This is the 2nd time I have read this play, and this time, I picked up on a few little symbolic meanings that I hadn't previously thought of. I LOVE Mrs. Hale in this play. I think it's awesome that she's not passive and submissive like Mrs. Peters. She is a strong female character--which I always enjoy. All throughout the play I just wanted to punch the County Attorney in the face. Not only was he rude and insulting to every woman in this play, but he also insults their intelligence thinking that they aren't even bright enough to pick up on the fact that he's making fun of them. So I think it's hilarious that the WOMEN were the ones who found the clues, found the bird, and as a result, found the motive. Glaspell ended this play with perfect irony--Mrs. Hale saying, "Knot it.." The rope was knotted around Mr. Right's neck, and they're KNOT telling that they know why! (pun totally intended)

Posted by CheraPupi at 8:25 PM | Comments (8)

January 25, 2007

Wow, I didn't know I knew that!

Foster (1-3, 5) -- Jerz: EL150 (Intro to Literary Study)

"The real reason for the quest never involves the stated reason."

As Maggie mentioned in her blog, a lot of the things Foster mentions are common sense. Being that this is the 3rd time I have had to read this book, I have definately seen this material before. Still, I think that it's very useful. Sometimes you need someone to bring something up in order to know you know it (got that?). For example, how many times do we see dinner scenes in movies or on TV? Too many to count. Have you ever thought about them? Like have you ever taken time to sit down and think of the significance of a dinner scene? I certainly haven't! I watch it and enjoy it. Still, after reading chapter 2, I realize that I obviously know there's more to dinner scenes than eating. The same goes with the idea of the quest. The fact that the quest never involves the reason stated is common knowledge. This works with any time there is any type of conflict in any type of story...even movies! So many times the character goes somewhere or does something that they believe is right, only to have it blow up in their face later on. Of course if this weren't the case, there'd be no conflict, and it would therefore be REALLY boring. Common knowledge. We see it everyday. Still interesting to think about though right?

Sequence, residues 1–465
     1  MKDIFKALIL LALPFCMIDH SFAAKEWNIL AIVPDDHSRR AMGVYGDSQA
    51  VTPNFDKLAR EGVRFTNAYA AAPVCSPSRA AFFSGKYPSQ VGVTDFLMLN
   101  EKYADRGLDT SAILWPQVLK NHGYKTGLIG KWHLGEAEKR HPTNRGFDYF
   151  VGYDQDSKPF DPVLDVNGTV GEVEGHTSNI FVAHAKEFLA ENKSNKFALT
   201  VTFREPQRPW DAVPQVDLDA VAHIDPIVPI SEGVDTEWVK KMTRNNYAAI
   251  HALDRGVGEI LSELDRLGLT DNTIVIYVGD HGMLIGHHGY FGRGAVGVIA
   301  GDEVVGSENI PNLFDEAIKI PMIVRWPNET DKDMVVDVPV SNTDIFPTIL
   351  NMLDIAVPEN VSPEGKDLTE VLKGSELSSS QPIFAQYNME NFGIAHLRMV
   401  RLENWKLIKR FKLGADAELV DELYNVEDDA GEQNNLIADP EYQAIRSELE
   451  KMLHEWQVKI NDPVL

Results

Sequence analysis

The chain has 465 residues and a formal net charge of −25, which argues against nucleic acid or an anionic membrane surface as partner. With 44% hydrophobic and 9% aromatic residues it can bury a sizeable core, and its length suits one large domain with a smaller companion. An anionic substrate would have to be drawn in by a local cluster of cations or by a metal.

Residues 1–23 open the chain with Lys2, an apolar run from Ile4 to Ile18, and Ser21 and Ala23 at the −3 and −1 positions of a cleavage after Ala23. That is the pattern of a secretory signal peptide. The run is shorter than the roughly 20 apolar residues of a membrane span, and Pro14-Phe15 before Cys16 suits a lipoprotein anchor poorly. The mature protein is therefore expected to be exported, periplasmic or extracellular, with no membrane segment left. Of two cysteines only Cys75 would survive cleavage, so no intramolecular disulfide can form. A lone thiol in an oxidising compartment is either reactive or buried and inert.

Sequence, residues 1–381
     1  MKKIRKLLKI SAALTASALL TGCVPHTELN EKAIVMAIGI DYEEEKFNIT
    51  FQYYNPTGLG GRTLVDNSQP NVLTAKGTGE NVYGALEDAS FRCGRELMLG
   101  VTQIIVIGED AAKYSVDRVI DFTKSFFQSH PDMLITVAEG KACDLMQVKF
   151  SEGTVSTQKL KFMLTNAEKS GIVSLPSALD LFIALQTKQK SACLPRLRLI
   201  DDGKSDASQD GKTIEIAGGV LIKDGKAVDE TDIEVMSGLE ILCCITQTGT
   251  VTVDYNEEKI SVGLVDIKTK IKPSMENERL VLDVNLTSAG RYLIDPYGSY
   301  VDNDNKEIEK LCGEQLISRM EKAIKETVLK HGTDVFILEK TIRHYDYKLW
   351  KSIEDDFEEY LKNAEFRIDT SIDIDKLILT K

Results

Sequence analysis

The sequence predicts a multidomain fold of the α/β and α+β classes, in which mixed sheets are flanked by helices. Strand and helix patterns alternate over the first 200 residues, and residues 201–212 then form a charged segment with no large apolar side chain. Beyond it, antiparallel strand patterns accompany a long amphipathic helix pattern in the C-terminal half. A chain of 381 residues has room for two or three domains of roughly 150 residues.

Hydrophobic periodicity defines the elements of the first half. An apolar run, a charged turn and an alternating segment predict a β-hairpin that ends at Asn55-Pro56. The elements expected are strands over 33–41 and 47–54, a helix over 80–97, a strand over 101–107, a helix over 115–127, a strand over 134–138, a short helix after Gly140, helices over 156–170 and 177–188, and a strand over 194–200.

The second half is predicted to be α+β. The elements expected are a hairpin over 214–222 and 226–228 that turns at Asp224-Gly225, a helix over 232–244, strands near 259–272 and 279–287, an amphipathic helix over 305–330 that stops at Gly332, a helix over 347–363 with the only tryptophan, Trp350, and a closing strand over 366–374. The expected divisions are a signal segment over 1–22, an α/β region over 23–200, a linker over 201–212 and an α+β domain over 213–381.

Posted by CheraPupi at 12:57 AM | Comments (2)

January 24, 2007

Fitzgerald=Popularity Pro!

Fitzgerald, ''Bernice Bobs Her Hair'' (online) -- Jerz: EL150 (Intro to Literary Study)

Marjorie never giggled, was never frightened, seldom embarrassed, and in fact had very few of the qualities which Bernice considered appropriately and blessedly feminine...Like most girls, she [Bernice] had been brought up on novels in which the female was beloved because of certain mysterious womanly qualities...